September 20, 2016
By Paul Goble
Moscow is again stirring the pot in northeastern Estonia, trying to pit the ethnic-Russian community there against Tallinn. And it is doing so in the classic tradition of Vladimir Putin’s “hybrid” war: specifically, Russia is using a report prepared by the Estonian Security Police that leaked to the press in order to blame Tallinn for that group’s problems. On the one hand, Moscow is trying to exacerbate relations between the ethnic Russians and Estonians to keep that country off balance. And on the other, it is seeking to raise questions among Estonia’s Western allies about the internal stability of this Baltic republic as well as sow uncertainty about how the North Atlantic Treaty Organization (NATO) should respond to any further Russian troublemaking in Estonia.
Ever since Moscow’s violent aggression began in Ukraine in early 2014, many asked where Putin would strike next; and Estonia was promptly identified as a likely target. Even though this country is a full-fledged member of NATO, it has a sizeable ethnic-Russian community whose relationship with ethnic Estonians has been troubled in the past. That community consists of two distinct parts. The first group is Russian-Estonians in the capital. Many of them are well educated, hold good jobs, learned Estonian, and have increasingly become full citizens of Estonia. The second group—Russian-Estonians in the northeastern portion of the country (particularly the county of Ida-Virumaa)—tend to be working class and older, and they have shown little interest in learning Estonian or integrating into the broader Estonian nation.
Because the latter are located on the Russian border and watch Russian television, many in Moscow feel that they potential allies in Putin’s plan to build “a Russian world” (“Russkiy mir”). Indeed, at one point, Western speculation about the possibility that Moscow would move into this region became so widespread that some began to ask whether any in the Western alliance were ready “to die for Narva,” the largest city in that region (Estonian World, June 16, 2015). Such concerns have been on the wane in recent months, but now a pro-Moscow commentator has reopened the issue. Writing for the online portal RuBaltic, directed at ethnic Russians in the Baltic countries, the author, Laima Katse, argues that the aforementioned leaked Estonian document “has done ten times more for the isolation and radicalization” of ethnic Russians in northeastern Estonia “than so-called Kremlin propaganda and Russification” (RuBaltic, September 16, 2016).
Katse—who in the past had repeatedly signaled new directions in Moscow’s policies toward the Baltic countries—says the leaked document reveals that Tallinn’s security police has “come to the conclusion that in the event of a conflict” with Russia, the Estonian government “could lose control over the 150,000 people in Ida-Virumaa, which has been ‘thoroughly Russified.” She adds that “for the destabilization of the situation, even a small network of approximately 200 ‘local terrorists’ would be sufficient” (RuBaltic, September 16).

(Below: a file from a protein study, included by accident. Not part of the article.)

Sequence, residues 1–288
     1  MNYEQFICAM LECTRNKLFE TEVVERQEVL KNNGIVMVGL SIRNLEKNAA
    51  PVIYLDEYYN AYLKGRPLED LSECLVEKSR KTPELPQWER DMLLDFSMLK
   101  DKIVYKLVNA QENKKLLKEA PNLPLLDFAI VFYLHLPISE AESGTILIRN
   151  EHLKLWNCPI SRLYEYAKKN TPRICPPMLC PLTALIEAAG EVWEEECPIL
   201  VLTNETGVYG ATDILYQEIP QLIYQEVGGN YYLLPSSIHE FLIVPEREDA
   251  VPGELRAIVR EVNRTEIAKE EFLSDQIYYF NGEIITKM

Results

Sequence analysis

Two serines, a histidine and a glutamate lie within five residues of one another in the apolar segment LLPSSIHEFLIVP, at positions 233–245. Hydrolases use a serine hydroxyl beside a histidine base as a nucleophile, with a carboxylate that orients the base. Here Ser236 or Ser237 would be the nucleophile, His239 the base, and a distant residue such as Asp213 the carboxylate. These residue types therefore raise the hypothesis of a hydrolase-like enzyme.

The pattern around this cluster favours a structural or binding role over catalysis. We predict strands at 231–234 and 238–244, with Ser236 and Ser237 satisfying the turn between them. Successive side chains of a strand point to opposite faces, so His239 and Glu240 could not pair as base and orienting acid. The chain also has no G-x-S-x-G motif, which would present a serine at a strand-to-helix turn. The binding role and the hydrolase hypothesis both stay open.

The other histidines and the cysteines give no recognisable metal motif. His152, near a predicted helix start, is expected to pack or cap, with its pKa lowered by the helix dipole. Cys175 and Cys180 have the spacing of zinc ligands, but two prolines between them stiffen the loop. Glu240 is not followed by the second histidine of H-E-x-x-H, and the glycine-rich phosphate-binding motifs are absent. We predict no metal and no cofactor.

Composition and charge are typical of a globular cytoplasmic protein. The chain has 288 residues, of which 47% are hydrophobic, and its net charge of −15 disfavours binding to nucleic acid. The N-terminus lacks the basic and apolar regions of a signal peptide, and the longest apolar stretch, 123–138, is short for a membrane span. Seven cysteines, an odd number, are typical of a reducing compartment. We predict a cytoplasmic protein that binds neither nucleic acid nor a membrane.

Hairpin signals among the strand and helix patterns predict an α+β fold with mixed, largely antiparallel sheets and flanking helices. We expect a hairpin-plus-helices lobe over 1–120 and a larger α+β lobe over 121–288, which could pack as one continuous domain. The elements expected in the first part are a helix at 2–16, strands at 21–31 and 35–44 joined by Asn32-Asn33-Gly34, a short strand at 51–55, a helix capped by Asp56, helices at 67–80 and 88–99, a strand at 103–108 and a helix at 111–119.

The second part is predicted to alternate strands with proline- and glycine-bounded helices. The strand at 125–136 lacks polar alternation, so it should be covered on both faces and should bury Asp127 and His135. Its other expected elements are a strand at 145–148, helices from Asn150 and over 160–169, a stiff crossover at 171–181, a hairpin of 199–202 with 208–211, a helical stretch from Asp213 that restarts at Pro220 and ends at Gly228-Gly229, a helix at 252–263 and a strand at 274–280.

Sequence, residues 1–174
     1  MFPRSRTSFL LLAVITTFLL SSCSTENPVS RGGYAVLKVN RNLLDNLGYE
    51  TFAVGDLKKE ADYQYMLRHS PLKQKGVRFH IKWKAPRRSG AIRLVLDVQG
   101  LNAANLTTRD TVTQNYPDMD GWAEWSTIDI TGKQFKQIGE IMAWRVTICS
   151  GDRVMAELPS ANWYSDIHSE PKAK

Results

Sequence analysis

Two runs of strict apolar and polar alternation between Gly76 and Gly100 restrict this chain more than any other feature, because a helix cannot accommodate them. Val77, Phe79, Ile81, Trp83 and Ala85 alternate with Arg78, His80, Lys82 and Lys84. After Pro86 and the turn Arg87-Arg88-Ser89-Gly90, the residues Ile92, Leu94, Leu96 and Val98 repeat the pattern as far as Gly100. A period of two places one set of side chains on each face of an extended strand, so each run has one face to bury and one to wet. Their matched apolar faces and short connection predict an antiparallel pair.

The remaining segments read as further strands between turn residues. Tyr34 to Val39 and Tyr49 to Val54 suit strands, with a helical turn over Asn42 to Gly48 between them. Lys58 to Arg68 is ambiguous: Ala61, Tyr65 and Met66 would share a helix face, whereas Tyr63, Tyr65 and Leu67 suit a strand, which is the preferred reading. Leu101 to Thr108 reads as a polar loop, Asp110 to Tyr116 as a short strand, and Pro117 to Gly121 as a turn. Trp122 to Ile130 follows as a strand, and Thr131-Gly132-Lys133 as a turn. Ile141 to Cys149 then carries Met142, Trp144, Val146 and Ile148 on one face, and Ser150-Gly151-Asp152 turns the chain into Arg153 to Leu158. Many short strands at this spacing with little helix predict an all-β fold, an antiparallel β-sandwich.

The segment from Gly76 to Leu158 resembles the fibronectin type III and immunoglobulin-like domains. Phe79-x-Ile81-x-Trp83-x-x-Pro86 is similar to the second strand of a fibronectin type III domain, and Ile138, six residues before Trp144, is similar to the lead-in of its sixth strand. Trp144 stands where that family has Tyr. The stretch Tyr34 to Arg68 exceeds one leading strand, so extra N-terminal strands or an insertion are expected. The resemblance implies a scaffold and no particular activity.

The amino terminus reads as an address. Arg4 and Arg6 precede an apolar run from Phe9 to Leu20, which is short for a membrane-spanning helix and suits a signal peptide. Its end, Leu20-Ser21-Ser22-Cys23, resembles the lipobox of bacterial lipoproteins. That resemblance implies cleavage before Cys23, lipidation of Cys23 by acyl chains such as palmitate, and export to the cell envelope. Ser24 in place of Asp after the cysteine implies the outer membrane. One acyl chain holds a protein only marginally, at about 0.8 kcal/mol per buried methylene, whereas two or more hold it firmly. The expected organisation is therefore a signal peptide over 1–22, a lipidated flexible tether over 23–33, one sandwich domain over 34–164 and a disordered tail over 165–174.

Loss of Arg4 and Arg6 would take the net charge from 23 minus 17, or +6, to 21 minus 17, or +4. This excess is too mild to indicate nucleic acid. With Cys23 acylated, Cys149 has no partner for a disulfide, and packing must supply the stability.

This report and the fact that it was leaked may be nothing more than an effort by the security police to overstate the existence of an enemy in order to justify calls for a bigger police budget, Katse admits. Yet, she asserts that such conclusions nonetheless “spit on the 60,000 Russian speakers who live in the region and who suffer from “objective problems” that the Estonian government has caused in some cases and failed to address in others.
“The unfavorable social-economic situation of the region,” the pro-Moscow commentator says, “is a suitable milieu for a protest explosion… The level of unemployment and crime in Ida-Virumaa is the highest in the country. Pay is the lowest—20 percent less than the Estonian average.” Its population losses are the highest and it has the lowest life expectancies. And unemployment is surging given the collapse in oil prices, which negatively impacted the local shale oil industry, where most of Ida-Virumaa’s ethnic Russians work or have worked in the past, she claims (RuBaltic, September 16).
Katse’s article is a mix of truth and falsehoods. Ida-Virumaa, one of the 15 counties of Estonia, indeed does have problems. Its population, approximately 70 percent of which are ethnic Russians, has been suffering from economic problems. And this population has been falling from 221,000 in 1990, to an estimated 146,000 this year, as a result of Russians leaving for the Russian Federation as well as due to higher mortality among ethnic Russians than among ethnic Estonians (Stat.ee, June 10). But in contrast to the Estonian security police report, which talks about a small number of potential terrorists, Katse commits the sociological fallacy of ascribing to all members of this community the most negative and anti-Estonian attitudes. In fact, the ethnic Russians in Estonia, even those in the northeast, have long life expectancies and better incomes than ethnic Russians in neighboring Russian Federation regions like Pskov oblast.
And yet, the RuBaltic commentator does not leave it at that. She contends that the Estonian security police wants to increase the role of law enforcement agencies in Idu-Virumaa while not doing enough to improve the social and economic problems of that community. And she maintains that the police particularly does not want to recognize the region’s ethnic Russians as a community that should be given equal status to others. In fact, these are exactly the same kinds of arguments Russian propagandists made before Russian forces went into Ukraine’s Crimea and Donbas. Of course, this does not mean Moscow will necessarily follow the same scenario in Estonia’s northeast; but the parallels suggest that the danger to Estonia from Russia has not passed and may be growing worse.